Pope Francis concludes first section of catechesis on the family by talking about children.

Vatican City, 18 March, 2015 (VIS) – Having examined the various members of family life—mothers, fathers, children, siblings, grandparents—the Pope concluded this first section of catechesis on the family by talking about children. Today he focused on what a great gift children are for humanity, and next week he will speak about wounds that damage childhood.
Interrupted by the applause of the faithful gathered in St. Peter’s Square when he affirmed that “children are a gift to humanity”, Pope Francis thanked them and exclaimed: “but they are also a greatly excluded one because they are even not allowed to be born…a society can be judged, not only morally but also sociologically, on how it treats its children, if it is a free society or a slave society of international interests.”
Then, continuing with his catechesis he explained that “firstly, children remind us that we all, in the first years of life, are totally dependent on the care and kindness of others. The Son of God,” he emphasized, “was not spared this step. This is the mystery that we contemplate every year at Christmastime. The manger scene is the icon that communicates this reality in the most simple and direct way.”
“God,” he continued, “has no difficulty in being understood by children and children have no trouble in understanding God. It isn’t by chance that in the Gospels Jesus speaks beautiful and strong words about the ‘little ones’. This term indicates all persons who depend on the help of others, particularly children. …Children, therefore, are a treasure for humanity and also for the Church because they constantly remind us of the necessary condition for entering into the Kingdom of God: that we must not consider ourselves self-sufficient, but in need of help, of love, and of forgiveness.”
Children also remind us that we are always children even when we become adults or if we become parents; beneath it all we keep our identity as a child. “And this always leads us back to the fact that we are not given life, but that we have received it,” the Pope reminded. “The great gift of life is the first gift we have received. Sometimes we risk forgetting about this, as if we were the masters of our existence while instead we are radically dependent. In fact, it is a source of great joy to hear that at every age in life, in every situation, in every social condition, we are and remain sons and daughters. This is the main message that children give us with their presence: with just their presence they remind us that each and every one of us is a child.”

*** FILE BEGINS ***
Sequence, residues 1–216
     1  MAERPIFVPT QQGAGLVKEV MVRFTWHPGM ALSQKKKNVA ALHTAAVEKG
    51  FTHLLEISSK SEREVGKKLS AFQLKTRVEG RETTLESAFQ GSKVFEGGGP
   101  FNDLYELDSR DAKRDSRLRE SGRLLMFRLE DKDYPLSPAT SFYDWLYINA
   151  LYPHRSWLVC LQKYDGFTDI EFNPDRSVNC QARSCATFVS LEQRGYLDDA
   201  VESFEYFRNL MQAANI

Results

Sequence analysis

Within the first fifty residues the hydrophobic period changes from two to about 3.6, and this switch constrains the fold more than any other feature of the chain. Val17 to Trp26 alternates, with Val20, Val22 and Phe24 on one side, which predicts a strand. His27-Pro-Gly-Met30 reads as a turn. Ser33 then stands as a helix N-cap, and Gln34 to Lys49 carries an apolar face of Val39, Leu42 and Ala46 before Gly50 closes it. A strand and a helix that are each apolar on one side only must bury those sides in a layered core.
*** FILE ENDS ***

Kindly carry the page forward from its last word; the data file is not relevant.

Listing some of the other gifts that children bring to humanity the Pope highlighted their way of seeing reality, “with a confident and pure gaze. Children have a spontaneous trust in mom and dad and they have a spontaneous trust in God, in Jesus, and in the Madonna. At the same time, their inner gaze is pure, not yet tainted by malice, duplicity, and the ‘incrustation’ of life that harden one’s heart. We know that even children have original sin, that they can be selfish, but they retain a purity and an inner simplicity. Children are not diplomats: they say what they feel, they say what they see, directly. And many times they make parents uncomfortable, saying in front of other people: ‘I don’t like this because it’s ugly.’ But children say what they see. They aren’t split persons; they still haven’t learned that science of duplicity that we adults have unfortunately learned.”
Children also bring with them ability to receive and to give affection. “Tenderness is having a heart ‘of flesh’ and not ‘of stone’, as the Bible says,” Pope Francis noted. “Tenderness is also poetry. It is ‘feeling’ things and events, not treating them as mere objects only to use them because they they’re useful.”
The ability to smile and to cry is another gift that children bring, one which “we grown-ups often ‘block out’… Many times our smile becomes a cardboard one, something lifeless and cold or even an artificial, clown’s smile. Children smile and cry spontaneously. It always comes from the heart, and often our hearts are closed and we lose this ability to smile and to cry. Children, then, can teach us how to smile and how to cry again. … This is why Jesus invites his disciples to ‘become like children’ because ‘the kingdom of God belongs to such as these’.”
“Children bring life, joy, hope, even troubles. But life is like that. They certainly also bring worries and, at times, many problems. But a society with these worries and problems is a better one than a society that is sad and gray because it is childless! And when we see a society with a birthrate of just 1%,” he concluded, “we can say that that is a sad and gray society because it is without children.”
Comment\:
St. Joseph, as you once protected the child Jesus from imminent danger, so now defend the Pope, the Church and her children from all attacks of the enemy within or outside the Church. Amen

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